It is sweltering. There is a steady and repeated ‘thwa-thwa’ as the arms of the ceiling fans beat the still air. There are layers of noise making up the sound of the background: the voices of the street sellers, impatient beeping from the road outside the shop and the sounds of the ‘shopman’ moving boxes behind them. Bapuji, in his pale blue, close- fitting suit jacket, and Indira are more interested in the footsteps of the man climbing into the shop. He comes every year, at this time. He buys new decorations for Christmas, waiting for Bapuji to pull out samples from the glass display cases. Tinsel, shiny gold. Banners of metallic colour and bright, folded paper balls from China. He leaves with carrier bags full of cellophane-packed Christmas cheer.
This year there is little evidence that it is mid-December: there are few decorations in the streets or visible in doorways and windows. The terrorist attack has taken its toll; tourism is at its lowest ebb. This used to be the country that the tourists flocked to in Africa, eager for the safari experience and the white sand beaches; over the last ten years or more, the gradual decline of the services available and the development of tourism in the other big safari countries has led to fewer people booking tickets to this land. Tourists, of course, are unlikely to buy decorations from Bapuji’s toyshop, especially as the beachfront hotels usually excel in shine and glitter during December. However, their delicious wonga, used to purchase bracelets, henna tattoos, sarongs and wooden masks, paintings on canvas, soapstone chessboards, shells and printed bags enables the locals to engage in a little retail therapy of their own. There is still a little spending- a small trickle of feet over the toyshop threshold- but people are adopting the ‘less is more’ approach.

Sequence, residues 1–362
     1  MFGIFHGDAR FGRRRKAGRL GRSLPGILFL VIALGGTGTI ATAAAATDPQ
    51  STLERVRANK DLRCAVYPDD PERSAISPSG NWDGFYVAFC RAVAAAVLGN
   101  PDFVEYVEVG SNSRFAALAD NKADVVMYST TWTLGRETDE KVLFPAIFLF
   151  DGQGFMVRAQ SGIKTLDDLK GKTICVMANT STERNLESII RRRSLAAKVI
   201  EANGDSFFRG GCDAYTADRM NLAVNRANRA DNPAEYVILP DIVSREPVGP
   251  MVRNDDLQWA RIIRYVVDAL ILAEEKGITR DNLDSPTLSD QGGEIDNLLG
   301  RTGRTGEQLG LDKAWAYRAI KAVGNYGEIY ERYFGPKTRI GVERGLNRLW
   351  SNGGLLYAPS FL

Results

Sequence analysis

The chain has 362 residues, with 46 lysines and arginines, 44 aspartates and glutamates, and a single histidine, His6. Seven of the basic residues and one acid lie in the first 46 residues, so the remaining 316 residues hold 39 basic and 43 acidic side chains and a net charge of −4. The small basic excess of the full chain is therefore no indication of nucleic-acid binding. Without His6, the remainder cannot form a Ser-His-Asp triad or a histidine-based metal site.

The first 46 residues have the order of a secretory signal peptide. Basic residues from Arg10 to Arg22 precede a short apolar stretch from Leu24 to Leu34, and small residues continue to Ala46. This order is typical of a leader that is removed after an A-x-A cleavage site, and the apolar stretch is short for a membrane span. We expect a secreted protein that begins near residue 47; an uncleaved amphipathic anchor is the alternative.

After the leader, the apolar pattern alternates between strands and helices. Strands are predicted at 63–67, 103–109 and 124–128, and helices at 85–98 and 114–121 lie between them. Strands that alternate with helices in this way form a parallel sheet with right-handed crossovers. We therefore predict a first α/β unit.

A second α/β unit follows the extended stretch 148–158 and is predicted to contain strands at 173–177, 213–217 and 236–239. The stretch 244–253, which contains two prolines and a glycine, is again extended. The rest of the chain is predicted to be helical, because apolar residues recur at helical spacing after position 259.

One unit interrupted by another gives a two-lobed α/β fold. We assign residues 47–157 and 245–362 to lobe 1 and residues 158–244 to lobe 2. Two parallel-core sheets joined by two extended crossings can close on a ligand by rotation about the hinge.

Bapuji is still front of house, inviting in potential customers, waiting and watching until they decide on their purchase or turn to ask for advice. He points out the dolls which speak and the bicycles with bright, plastic baskets and shrill bells.
Bapuji’s figure is slight now, but he stands very upright. He enjoys speaking to the customers, getting to know some of them well. When it is quiet in the shop again, he and Indira will sit quietly and wait, watching the hazy heat outside.